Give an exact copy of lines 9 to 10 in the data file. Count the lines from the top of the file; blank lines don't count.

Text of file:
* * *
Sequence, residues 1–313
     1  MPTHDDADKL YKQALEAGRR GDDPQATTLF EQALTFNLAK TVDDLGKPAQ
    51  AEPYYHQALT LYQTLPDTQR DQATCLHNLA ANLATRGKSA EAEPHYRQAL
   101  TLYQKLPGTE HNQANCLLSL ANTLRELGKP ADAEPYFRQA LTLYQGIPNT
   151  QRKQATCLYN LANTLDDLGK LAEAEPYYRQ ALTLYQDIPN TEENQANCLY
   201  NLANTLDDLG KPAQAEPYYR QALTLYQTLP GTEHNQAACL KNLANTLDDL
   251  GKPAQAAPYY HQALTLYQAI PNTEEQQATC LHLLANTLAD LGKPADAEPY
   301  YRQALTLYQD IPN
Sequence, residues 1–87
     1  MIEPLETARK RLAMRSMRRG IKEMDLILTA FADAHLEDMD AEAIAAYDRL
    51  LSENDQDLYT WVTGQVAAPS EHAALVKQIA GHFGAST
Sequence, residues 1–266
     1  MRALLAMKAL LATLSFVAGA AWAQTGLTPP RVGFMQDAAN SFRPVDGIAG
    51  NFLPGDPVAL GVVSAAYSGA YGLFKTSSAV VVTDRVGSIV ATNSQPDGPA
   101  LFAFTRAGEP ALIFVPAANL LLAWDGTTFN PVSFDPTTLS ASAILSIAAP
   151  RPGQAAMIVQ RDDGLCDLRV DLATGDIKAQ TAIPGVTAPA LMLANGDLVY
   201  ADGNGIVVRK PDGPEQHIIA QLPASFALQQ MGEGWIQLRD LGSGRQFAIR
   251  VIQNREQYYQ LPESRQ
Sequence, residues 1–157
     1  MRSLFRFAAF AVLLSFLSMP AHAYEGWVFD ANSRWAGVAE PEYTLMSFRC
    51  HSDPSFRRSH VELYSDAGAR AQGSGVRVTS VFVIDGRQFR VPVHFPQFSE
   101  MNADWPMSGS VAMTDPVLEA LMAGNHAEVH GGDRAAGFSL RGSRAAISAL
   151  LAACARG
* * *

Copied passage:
Sequence, residues 1–87
     1  MIEPLETARK RLAMRSMRRG IKEMDLILTA FADAHLEDMD AEAIAAYDRL